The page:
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    I love reading trash like this because it gives me a chance to rant.
    Have you ever wondered why you or a lot of people in your home country are out of a job? It is because you sheep people believe the crap most organizations (whether public or private) try to shove down your throats. When will you wake up and try only to buy the products made in the country you are living in, but it is okay with me who you choose to give your money to. If you magnify it by a few million people, then you can see why there is no manufacturing done in your country. It has all gone offshore along with most of the wealth that was supposed to help your other countrymen...End of rant.

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    ^ . . . and you are trying to say . . . what exactly? This has to do with the topic . . . what?

  10. #10
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    Quote Originally Posted by Butterfly View Post
    These figures are meaningless, because China is definitely no Germany in terms of rich society,

    and who knows how those numbers are being computed, the IMF is probably being fed official numbers from the Chinese government
    If it's any consolation, China is wealthy historically that no one can match.
    Last edited by Rural Surin; 15-01-2009 at 12:58 PM.

  11. #11
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    Quote Originally Posted by Lynn View Post
    I love reading trash like this because it gives me a chance to rant.
    Have you ever wondered why you or a lot of people in your home country are out of a job? It is because you sheep people believe the crap most organizations (whether public or private) try to shove down your throats. When will you wake up and try only to buy the products made in the country you are living in, but it is okay with me who you choose to give your money to. If you magnify it by a few million people, then you can see why there is no manufacturing done in your country. It has all gone offshore along with most of the wealth that was supposed to help your other countrymen...End of rant.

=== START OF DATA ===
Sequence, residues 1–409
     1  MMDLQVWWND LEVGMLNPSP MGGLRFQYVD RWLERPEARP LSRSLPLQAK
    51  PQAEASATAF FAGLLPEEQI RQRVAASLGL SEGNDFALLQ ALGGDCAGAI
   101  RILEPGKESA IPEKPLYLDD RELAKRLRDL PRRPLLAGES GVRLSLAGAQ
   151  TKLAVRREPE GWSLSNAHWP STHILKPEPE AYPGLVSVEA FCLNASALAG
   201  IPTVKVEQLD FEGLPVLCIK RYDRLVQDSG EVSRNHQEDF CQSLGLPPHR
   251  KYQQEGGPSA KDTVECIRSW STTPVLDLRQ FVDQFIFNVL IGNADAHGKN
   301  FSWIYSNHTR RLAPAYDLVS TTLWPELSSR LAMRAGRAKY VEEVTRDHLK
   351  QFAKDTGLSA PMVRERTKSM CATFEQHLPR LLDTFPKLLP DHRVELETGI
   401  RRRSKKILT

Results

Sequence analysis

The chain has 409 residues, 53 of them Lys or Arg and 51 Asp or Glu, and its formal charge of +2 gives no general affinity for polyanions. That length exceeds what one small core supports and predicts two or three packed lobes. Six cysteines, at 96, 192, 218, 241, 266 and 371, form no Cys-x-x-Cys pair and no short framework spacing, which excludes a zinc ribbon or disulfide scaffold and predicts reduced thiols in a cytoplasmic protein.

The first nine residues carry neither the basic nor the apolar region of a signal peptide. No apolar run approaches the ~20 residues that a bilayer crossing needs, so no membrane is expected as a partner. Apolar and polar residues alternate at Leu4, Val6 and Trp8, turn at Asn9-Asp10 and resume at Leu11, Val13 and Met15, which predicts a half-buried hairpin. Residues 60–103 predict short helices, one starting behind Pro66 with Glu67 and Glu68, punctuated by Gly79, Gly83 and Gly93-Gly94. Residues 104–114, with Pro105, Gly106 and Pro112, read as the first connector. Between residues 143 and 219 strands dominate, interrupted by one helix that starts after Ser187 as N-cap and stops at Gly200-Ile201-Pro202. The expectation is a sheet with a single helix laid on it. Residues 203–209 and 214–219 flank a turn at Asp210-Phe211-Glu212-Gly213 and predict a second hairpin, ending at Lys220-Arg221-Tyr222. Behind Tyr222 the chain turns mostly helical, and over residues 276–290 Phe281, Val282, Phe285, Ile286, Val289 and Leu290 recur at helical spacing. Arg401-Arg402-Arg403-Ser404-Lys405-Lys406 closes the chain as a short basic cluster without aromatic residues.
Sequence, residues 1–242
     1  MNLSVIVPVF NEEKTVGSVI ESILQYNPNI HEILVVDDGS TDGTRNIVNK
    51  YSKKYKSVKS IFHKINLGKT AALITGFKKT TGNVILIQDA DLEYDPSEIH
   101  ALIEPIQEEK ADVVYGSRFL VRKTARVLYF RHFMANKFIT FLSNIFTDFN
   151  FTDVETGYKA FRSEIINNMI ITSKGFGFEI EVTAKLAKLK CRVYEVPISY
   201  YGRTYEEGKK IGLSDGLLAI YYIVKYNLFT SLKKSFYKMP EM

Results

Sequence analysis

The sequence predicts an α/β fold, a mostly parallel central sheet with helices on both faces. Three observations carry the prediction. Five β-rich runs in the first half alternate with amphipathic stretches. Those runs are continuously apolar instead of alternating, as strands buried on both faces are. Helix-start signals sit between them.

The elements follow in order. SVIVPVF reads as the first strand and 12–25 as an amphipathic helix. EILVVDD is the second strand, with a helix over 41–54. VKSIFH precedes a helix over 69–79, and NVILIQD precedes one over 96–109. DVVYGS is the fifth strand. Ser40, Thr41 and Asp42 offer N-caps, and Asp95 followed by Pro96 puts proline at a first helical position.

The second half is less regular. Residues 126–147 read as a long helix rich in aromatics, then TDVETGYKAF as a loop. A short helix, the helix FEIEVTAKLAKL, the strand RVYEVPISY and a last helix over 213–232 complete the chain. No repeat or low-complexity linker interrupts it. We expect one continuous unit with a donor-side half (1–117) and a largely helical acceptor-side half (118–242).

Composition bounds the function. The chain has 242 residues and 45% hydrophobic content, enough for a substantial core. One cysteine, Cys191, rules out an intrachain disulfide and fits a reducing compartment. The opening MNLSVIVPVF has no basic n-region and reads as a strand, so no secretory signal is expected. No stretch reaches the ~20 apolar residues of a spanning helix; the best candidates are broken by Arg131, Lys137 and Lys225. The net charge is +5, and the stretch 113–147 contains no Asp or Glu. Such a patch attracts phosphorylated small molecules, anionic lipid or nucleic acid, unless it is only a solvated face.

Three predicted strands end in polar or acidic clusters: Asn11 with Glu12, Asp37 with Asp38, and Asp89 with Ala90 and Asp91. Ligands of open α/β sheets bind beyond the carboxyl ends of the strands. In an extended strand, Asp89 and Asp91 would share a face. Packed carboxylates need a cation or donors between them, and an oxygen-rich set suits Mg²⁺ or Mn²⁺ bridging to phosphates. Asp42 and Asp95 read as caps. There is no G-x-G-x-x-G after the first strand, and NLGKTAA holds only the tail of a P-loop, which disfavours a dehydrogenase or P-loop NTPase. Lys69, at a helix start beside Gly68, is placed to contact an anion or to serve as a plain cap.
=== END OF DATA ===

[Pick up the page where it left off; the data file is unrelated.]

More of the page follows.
You must be merkin, Lynn

  12. #12
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    Curiously, I have to wonder toward the systems that invent these fuzzy ideals of wealth, than procede to throw superlatives and comparatives at a chaotic mess. Since most universally accepted wealth and value is basically based on nothing {credit, speculation, imaginary,etc} than shouldn't reflective physical infrastructures be base accordingly? There isn't any wealth...not as we see it.
    Last edited by Rural Surin; 15-01-2009 at 11:40 AM.

  13. #13
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    Quote Originally Posted by Rural Surin
    You must be merkin, Lynn
    Just can't resist the temptation can ya RS.

    Walmart, America's most successful retailer has practically nothing made in America.

  14. #14
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    Quote Originally Posted by Rural Surin
    If it's any consolation, China is wealthy historically
    It's culturally a very rich country, could have been richer though if it wasn't for Mao destruction of their past

  15. #15
    Hansum Man! panama hat's Avatar
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    Quote Originally Posted by Butterfly View Post
    Quote Originally Posted by Rural Surin
    If it's any consolation, China is wealthy historically
    It's culturally a very rich country, could have been richer though if it wasn't for Mao destruction of their past

    Indeed, the great leap forward that was several steps backwards and the cultural revolution which was anything but . . .

  16. #16
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    China overtakes Japan as No.2 economy: FX chief
    Aileen Wang and Alan Wheatley
    Friday, Jul. 30, 2010


    Cheung Kong Centre is seen in Hong Kong's financial Central District.
    Tyrone Siu/Reuters

    BEIJING China has overtaken Japan to become the world's second-largest economy, the fruit of three decades of rapid growth that has lifted hundreds of millions of people out of poverty.

    Depending on how fast its exchange rate rises, China is on course to overtake the United States and vault into the No.1 spot sometime around 2025, according to projections by the World Bank, Goldman Sachs and others.

    China came close to surpassing Japan in 2009 and the disclosure by a senior official that it had now done so comes as no surprise. Indeed, Yi Gang, China's chief currency regulator, mentioned the milestone in passing in remarks published on Friday.